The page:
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Minimum wage: small business has been heard

In recent months, there has been a lot of public debate about a minimum wage increase. Some groups say that hiking the minimum wage to $15 an hour would support low-income workers, but they’re not considering the impact it’s going to have on your ability to grow your business and the economy as a whole. We do. That’s why we are firmly against it and are proposing other alternatives to help low-income workers.

The worst has been avoided but small businesses will need support!
We defended your position in all forums and your representatives heard us loud and clear! The government announced a successive increase in the minimum wage over four years, which aims to better support low-income workers without, however, undermining the competitiveness of Quebec businesses and their ability to pay. As of May 1st 2017, the minimum wage will increase to $11.25/h, up 50¢, and to $9.45/h for workers with tips. Small businesses can rest assured that they have avoided the worst. We will now be fighting for a reduction in payroll taxes, which would offset the costs of an incremental increase that will bring the minimum wage to $12.45 per hour in 2020.

Let’s be clear: do we think that low-income individuals should receive better support? 
Of course we do!

Is hiking the minimum wage the best way to do it?
Probably not!

A large, rapid increase in the minimum wage could actually have a negative impact on low-income workers, on you, and on the economy as a whole.

  • Strong pressure on SME labour costs: By increasing the wages of their less experienced workers by close to 40%, business owners who want to be fair to all of their workers will be under pressure to grant the same treatment to workers with more experience and those in more skilled jobs.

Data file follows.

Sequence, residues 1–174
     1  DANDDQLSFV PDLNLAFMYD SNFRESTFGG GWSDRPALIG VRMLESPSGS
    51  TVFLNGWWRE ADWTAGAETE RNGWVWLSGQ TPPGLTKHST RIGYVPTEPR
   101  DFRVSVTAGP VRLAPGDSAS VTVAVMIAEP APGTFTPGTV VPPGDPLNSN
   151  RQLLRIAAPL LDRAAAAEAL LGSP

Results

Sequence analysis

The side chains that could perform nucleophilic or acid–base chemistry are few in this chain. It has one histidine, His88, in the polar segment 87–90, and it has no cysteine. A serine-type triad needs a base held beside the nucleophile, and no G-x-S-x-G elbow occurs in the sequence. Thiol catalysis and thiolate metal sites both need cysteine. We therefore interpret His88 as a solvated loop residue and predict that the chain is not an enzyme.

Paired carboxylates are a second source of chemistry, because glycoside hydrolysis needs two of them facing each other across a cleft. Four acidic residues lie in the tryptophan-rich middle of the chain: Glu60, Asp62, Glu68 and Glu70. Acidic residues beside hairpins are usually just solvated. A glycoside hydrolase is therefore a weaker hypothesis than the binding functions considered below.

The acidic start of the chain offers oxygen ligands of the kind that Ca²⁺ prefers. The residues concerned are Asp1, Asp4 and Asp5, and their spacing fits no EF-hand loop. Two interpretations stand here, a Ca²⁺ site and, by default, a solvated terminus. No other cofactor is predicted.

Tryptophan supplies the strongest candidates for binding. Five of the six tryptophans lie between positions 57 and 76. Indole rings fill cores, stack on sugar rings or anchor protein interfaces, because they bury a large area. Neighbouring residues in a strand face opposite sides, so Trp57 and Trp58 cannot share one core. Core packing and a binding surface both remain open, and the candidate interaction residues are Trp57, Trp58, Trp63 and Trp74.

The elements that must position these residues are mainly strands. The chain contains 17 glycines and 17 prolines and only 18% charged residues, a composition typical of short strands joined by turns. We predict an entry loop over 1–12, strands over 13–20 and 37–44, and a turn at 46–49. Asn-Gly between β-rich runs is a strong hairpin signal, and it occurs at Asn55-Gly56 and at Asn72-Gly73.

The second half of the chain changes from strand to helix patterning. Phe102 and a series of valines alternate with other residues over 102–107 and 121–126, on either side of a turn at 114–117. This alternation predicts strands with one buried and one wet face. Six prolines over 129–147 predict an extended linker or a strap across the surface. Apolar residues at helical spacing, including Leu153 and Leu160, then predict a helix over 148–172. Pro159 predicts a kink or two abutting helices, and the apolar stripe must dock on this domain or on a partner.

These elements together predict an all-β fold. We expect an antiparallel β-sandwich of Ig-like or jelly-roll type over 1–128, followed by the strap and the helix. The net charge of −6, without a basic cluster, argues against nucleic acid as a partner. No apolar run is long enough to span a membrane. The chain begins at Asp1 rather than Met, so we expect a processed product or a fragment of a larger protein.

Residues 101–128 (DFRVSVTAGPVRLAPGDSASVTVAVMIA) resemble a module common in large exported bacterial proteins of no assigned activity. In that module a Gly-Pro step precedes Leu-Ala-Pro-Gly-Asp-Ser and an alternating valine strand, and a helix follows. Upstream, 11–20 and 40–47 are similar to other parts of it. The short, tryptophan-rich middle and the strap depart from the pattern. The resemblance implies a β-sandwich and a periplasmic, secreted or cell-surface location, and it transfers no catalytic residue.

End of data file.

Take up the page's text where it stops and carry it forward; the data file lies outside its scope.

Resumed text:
• Impact on jobs, work hours, and prices: With higher operating costs, some SME owners will be forced to cut work hours and even jobs. They will have to postpone plans to hire more workers and they may have to increase their prices significantly in order to survive.
  • Not all of the money will end up in workers’ pockets: Depending on the status of a person working full-time at the minimum wage, they may never see approximately one third of the increase, which will go directly to the government for taxes and various social programs (the Quebec Parental Insurance Plan, the Quebec Pension Plan, etc.).

A Win-Win Solution To avoid these harmful effects on the economy, we are proposing other ways to support low-income individuals, such as an increase in the Basic Personal Exemption for full-time workers. This win-win solution would help:

  • Low-income workers, by ensuring that more money stays into their pockets;
  • Employers, by providing them with the latitude they need to increase the salaries of more experienced workers who deserve a wage increase, while keeping their prices competitive; and,
  • Society in general, by maintaining conditions conducive to job creation; stimulating the economy; and, supporting low-income individuals while maintaining the viability of our SMEs. 

CFIB in action!
In order to ensure that the SME perspective onthis issue is heard and promote our stronger solution for supporting low-incomeworkers, we have:

  • issuing a press release (in French only) about the successive increase in the miminum wage;
  • create an online petition that we presented to the government;
  • writing a letter to the Minister of Labour;
  • writing an open letter entitled "Myths and realities about a $15 minimum wage" that was quoted in numerous newspapers;
  • issuing a press release (in French only) to mark International Workers’ Day. 

We invite you to read them and to read ourreport entitled, "Minimum Wage: Reframing the Debate."